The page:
By now, it should be obvious to just about anyone that “citizen journalism” or “user-generated content” is a crucial part of what the news has become, whether it’s a photo of a plane landing on the Hudson or a video of a bomb exploding in Boston. Unfortunately, the ways that media entities handle such content is all over the map — some give credit, while others take whatever they want without so much as a link. Do we need a formal structure to deal with this new reality?
Mark Little, founder and CEO of social-media platform Storyful, thinks that we do. At the recent International Journalism Festival in Italy — where the former foreign correspondent and news anchor discussed the idea with me over breakfast — Little said that he had floated the idea of a “Perugia Declaration” (named after the city where the conference was held) as a way of trying to formalize how media outlets of all kinds should deal with user-generated content.
Giving credit where credit is due
Little expanded on this idea in a recent post at the Storyful blog, where he described how the current process of using videos from “citizen journalists” is chaotic at best: while some outlets do their best to link to the original source — or at the very least the original uploader — other sites don’t give any at all, or provide a tiny credit line that says “Credit: YouTube,” which Little says is like putting “Credit: Telephone” on a newspaper report.
“In an age when every member of your audience is also a potential reporter, the old rules no longer apply – but the new rules either don’t yet exist or are not enforced. Most major news organizations have some basic guidelines governing the use of user content and some, like the BBC, have dedicated UGC units. Consistently applied standards are, however, the exception. Even as the news industry grows increasingly dependent on user-generated content it remains chronically confused by it.”
Helping to track down and confirm the original sources of “user-generated content” was one of the goals behind creating Storyful, and many media outlets now use the service as a way of getting access to verified content during a breaking news event. The service also recently started helping to represent creators of “viral videos” and other user-generated content in their dealings with publishers — in effect, becoming an agent for them, and taking a cut of the proceeds in return for its efforts.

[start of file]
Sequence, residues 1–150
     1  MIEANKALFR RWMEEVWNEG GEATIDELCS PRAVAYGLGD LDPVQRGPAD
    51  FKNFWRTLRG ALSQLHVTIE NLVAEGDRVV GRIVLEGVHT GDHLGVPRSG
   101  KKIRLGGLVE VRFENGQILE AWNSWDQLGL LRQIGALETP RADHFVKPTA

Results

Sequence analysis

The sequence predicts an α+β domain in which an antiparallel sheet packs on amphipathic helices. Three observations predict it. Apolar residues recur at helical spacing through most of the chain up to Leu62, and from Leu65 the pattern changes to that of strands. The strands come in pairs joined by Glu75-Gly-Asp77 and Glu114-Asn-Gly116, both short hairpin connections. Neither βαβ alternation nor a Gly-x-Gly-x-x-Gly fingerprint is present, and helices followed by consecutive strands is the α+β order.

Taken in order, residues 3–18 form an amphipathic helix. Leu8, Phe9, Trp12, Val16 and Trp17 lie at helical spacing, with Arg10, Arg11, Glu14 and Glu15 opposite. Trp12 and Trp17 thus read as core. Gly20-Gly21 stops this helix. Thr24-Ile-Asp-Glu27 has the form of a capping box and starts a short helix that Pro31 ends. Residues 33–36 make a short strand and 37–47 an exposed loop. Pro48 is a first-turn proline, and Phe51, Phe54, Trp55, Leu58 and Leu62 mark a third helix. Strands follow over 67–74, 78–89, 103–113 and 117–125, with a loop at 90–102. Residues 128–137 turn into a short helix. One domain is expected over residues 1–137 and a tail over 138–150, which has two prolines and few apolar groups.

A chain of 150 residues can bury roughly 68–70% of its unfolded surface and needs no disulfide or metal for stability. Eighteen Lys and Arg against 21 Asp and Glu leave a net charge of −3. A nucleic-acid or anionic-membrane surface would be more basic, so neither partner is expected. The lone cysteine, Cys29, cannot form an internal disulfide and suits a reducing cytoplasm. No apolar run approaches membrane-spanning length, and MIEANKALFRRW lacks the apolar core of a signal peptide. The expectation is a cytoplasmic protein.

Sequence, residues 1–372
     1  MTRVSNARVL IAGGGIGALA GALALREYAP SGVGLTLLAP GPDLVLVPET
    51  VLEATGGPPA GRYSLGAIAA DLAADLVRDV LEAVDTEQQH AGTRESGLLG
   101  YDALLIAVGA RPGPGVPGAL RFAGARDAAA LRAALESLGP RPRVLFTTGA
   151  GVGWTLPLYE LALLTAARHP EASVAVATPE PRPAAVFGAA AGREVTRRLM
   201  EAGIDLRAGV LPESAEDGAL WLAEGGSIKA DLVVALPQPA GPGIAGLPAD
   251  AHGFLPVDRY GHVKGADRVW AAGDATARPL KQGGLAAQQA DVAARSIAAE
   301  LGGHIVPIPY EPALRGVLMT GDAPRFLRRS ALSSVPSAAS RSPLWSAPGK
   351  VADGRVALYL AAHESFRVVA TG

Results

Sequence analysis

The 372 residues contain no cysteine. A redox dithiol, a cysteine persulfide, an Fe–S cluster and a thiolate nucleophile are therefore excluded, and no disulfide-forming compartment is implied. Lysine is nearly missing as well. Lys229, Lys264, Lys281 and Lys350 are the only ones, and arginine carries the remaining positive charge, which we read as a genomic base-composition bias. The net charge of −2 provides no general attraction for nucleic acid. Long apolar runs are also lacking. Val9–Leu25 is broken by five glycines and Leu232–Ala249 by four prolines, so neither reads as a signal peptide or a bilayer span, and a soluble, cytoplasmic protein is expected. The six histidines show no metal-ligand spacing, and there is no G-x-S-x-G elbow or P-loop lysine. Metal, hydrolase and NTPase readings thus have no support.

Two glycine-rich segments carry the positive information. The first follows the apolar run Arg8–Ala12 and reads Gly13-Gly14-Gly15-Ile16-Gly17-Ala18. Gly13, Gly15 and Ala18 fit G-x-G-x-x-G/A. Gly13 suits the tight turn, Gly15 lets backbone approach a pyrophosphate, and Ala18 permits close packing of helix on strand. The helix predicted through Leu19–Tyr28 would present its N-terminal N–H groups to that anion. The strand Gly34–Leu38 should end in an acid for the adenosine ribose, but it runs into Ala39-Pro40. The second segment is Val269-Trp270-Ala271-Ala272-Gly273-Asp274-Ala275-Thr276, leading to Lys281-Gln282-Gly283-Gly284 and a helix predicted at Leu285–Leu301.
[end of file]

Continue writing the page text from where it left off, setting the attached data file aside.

But Little sees news-related content as a different animal entirely — almost as a public good, he said — and he wants media organizations to agree on a kind of Creative Commons-style format for giving credit to the original uploaders or citizen journalists who capture that kind of content.
“Eyewitness video of a tragic but important event – natural disaster, conflict, plane crash or terror attack – clearly has immediate value. But does it have a price? Should it be sold as a commodity? I would argue that the value of this exceptional content takes the form of a public utility. It may generate secondary commercial value, but it should not be privatized.”
A “public service video licence”
In effect, the Storyful founder is suggesting that media outlets collaborate on the creation of a Public Service Video License, which would guarantee that video content would be credited to the original rights-holder (provided the rights-holder wanted to be publicly identified), and that any media entities using it would be required to give credit in a specific manner — and would only be granted a limited sub-licence to re-use the content.
Little adds that such a system would also have to prevent “scraping” or unauthorized duplication of content somehow, either through watermarking or something like YouTube’s Content ID system.
Would an approach like the one Little is suggesting work? While I sympathize with his viewpoint, I’m not sure it would. Preventing scraping or duplication, for example, would be almost impossible or prohibitively expensive — as the music and movie industries have discovered. And if all the system does is provide credit to the original source, Creative Commons and/or the “fair use” principle of U.S. copyright law would seem to already cover most of that territory.
That said, however, I think the goal is a positive one: namely, to get media companies to make providing this kind of credit part of what they do in a semi-formal way. For too long now, social-media platforms have been seen by many as a place where you can take content for your own purposes without having to provide credit to anyone. If a Perugia Declaration is what it takes to jump-start such a process, then maybe it’s an idea worth exploring.
Post and thumbnail photos courtesy of Flickr users Petteri Sulonen and Rosaura Ochoa